February 26, 2008

1. Using examples (modern or Ancient), discuss the difference between ‘fact’ and opinion’.

A fact is something that is generally accepted without dispute. For example, that Julius Caesar was assassinated in 44 BC is a fact. An opinion is a personal belief or judgment that is not founded on proof or certainty. For example, the motives of the assassins are open to interpretation and thse interpretations are therefore opinion.


2. What factors affect the objectivity of authors of written sources?

The factors that affect the objectivity of authors of written sources are race, gender, class, politcal and cultural factors.


3. What is gender bias? How has it manifested itself in the reporting of history over the millenia? Give three examples of gender bias? Is it still a problem today in historiography?  

Gender bias is unfair difference in the treatment of men or women because of their sex. Throughout ancient sources, women have been portrayed in a negative light, had no voice and remain invisible in sources. Examples of gender bias can be found in Dio Cassius’s description of Boudicca who was a Celtic chieftain’s wife and the part of a modern historian displayed by Sir Alan Gardiner, a well-known Egyptologist who displays unmistakable bias in his treatment of Hatshepsut. Yes, it is still a problem today in historiography.


4. Go to this website and read the blurb on Josephus-http://www.earlyjewishwritings.com/josephus.html . Who is Josephus? When did he live? What did he write about? How have modern authors ‘deconstructed’ Josephus’ accounts? Do they consider him biased and Why?  Lastly, is his Bellum Judaicum useful as a source for the Jewish Revolt?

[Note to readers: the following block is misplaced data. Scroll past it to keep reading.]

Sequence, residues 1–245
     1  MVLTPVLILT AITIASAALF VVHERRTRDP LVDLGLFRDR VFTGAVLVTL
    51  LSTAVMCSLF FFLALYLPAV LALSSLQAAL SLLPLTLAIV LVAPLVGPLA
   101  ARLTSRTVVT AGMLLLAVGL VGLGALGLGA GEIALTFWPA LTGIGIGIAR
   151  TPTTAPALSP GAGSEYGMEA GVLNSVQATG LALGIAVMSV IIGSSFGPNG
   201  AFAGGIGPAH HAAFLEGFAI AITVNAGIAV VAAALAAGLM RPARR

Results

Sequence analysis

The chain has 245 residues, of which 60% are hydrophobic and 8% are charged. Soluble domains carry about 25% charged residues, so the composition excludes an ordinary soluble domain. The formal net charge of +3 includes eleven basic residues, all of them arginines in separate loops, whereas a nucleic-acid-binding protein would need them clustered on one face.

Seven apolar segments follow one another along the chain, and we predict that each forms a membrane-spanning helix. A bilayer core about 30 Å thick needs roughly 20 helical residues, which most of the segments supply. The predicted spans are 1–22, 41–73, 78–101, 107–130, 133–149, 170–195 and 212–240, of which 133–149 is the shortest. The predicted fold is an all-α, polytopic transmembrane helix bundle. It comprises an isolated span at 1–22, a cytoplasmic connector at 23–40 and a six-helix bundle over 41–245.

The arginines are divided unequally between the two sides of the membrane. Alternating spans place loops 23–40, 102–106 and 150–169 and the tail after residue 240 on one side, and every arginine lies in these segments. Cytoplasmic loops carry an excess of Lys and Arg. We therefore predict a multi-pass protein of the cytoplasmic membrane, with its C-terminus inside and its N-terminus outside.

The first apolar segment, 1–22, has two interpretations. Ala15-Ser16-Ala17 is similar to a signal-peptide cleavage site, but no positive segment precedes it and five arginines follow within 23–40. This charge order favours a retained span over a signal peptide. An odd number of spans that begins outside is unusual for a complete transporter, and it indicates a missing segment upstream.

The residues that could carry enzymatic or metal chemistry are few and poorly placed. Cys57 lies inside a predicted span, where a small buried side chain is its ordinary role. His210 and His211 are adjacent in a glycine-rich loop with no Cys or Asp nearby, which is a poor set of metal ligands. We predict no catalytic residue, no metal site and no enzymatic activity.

Josephus, was a 1st century Jewish historian and apologist of priestly and royal ancestry who survived and recorded the Destruction of Jerusalem in 70. He lived from 37 until sometime after 100 AD. He wrote about the Jweish War (c.75) and Antiquities of the Jews (c. 94). Jewish War recounts the Jewish revolt against Rome (66-70). Antiquities of the Jews recounts the history of the wrold from a Jewish prespective. These works provide a valuable insight into the background of 1st century Judaism and early Christianity.


Martin McNamara writes: “All of Josephus’ four extant works are important sources for Jewish history and tradition. The first to be composed was The Jewish War—an account of the war of the Jews against the Romans. Raymond F. Surburg writes: “In evaluating the historical worthiness of The Jewish War, it must not be forgotten that the Memoirs are written from a Roman point of view. Furthermore, the fact that Josephus is writing under imperial patronage tended to give the work a pro-Roman bias”.


Raymond F. Surburg considers him to be bias because Josephus’s accounts “tend to give the word a pro-Roman bias”. His Bellum Judaicum is useful as a source for the Jewish Revolt because it gives an accurate insight into the background of the Jewish War.






February 25, 2008